Wall materials can be edited in a number of ways:
|Mode||Width||Individual Faces||Combined Faces|
If a both faces of a wall are the same (internal or external) then editing the individual face is harder. The only view this is possible in is the 3D view. In 3D view each face can be individually selected and edited even if they are the same type allowing for a wall with two external faces to have different materials for each side. In 3D view a single face is selected when only a 2D red outline appears, the whole wall is selected if the red selection is is 3D. With the face selected, right clicking on the selected area will present only the material choices for that face. This is the only way to make one side of a wall different from the other when both sides are the considered the same type (exterior or interior).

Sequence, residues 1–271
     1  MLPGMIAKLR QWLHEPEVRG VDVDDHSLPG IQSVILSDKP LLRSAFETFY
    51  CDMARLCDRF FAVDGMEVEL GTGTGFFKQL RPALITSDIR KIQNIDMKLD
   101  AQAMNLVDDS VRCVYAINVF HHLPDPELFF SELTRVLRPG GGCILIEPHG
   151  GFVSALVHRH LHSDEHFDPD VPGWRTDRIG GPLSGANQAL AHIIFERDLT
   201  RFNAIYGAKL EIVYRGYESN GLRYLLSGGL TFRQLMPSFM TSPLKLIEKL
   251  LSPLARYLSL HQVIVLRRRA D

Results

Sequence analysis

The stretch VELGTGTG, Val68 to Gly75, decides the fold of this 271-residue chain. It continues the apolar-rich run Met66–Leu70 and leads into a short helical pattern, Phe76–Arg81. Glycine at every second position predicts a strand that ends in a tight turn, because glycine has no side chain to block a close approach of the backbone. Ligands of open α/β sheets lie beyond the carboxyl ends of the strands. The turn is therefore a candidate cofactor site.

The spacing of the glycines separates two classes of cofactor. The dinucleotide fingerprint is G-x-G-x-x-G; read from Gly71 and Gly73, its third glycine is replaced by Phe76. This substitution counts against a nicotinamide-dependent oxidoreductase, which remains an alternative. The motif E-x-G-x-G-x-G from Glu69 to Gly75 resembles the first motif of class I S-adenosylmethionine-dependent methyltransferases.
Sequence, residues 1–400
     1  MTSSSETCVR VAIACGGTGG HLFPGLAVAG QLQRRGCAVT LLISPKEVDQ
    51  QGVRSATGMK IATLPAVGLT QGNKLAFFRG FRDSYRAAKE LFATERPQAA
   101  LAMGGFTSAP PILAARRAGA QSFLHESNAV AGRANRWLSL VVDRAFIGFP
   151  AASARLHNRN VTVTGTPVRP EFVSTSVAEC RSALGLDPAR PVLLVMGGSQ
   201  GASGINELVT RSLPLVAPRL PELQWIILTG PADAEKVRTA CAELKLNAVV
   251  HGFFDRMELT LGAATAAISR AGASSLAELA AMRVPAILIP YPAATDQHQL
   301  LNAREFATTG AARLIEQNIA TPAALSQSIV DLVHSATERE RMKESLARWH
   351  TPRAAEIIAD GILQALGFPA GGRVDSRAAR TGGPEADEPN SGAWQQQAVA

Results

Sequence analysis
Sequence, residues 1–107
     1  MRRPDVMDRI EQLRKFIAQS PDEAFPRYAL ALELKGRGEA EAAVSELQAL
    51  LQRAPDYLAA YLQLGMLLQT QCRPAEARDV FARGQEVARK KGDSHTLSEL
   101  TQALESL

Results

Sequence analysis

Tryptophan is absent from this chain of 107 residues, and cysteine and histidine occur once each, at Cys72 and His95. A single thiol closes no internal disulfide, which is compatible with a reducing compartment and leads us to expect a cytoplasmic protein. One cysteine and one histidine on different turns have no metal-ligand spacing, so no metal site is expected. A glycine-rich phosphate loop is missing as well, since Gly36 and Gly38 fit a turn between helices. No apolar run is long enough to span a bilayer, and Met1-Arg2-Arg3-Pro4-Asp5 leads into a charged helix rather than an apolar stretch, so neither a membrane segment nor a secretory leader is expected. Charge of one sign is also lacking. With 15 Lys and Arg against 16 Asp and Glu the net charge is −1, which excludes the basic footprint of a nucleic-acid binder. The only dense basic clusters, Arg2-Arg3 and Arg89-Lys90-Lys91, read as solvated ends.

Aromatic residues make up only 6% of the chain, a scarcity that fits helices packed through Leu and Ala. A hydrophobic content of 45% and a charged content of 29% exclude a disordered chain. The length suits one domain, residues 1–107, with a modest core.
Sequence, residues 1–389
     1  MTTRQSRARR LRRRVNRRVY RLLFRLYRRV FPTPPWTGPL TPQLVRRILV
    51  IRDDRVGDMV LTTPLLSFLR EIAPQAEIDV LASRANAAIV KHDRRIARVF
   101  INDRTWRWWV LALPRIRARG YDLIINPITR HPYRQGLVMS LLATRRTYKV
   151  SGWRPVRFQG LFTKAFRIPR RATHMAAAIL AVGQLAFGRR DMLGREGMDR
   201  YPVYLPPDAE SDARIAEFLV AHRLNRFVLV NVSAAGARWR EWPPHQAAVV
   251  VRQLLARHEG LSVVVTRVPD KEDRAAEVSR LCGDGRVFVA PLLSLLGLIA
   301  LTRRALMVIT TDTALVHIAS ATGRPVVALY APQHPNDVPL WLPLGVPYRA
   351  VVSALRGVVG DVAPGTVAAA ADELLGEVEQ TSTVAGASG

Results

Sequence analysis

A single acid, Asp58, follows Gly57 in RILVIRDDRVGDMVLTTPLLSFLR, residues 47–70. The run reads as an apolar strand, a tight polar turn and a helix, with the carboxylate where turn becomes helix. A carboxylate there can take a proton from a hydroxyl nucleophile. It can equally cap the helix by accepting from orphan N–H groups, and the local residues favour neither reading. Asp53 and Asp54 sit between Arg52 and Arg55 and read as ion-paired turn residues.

Wall properties. Only properties applicable to the at least one of the selected faces of a wall will be available during editing. All properties are available during object creation. The following Applies to definitions are used:
- All Faces : The property is applied to all faces of the wall regardless of which faces are selected.
- Interior Face(s) : The property only exists if at least one of the wall faces selected is considered an internal wall
- Room perimeter face(s) | The property exists only if at least one of the wall faces is considered part of a room perimeter This also implies the wall face is considered internal.
|^||Include in Quantity||All Faces||X||X|
|^||Trim||Interior Face(s)||X||X||The material that appears as trim surrounding all windows, doors, etc. for this wall face. Note that the dimensions of this cannot be changed|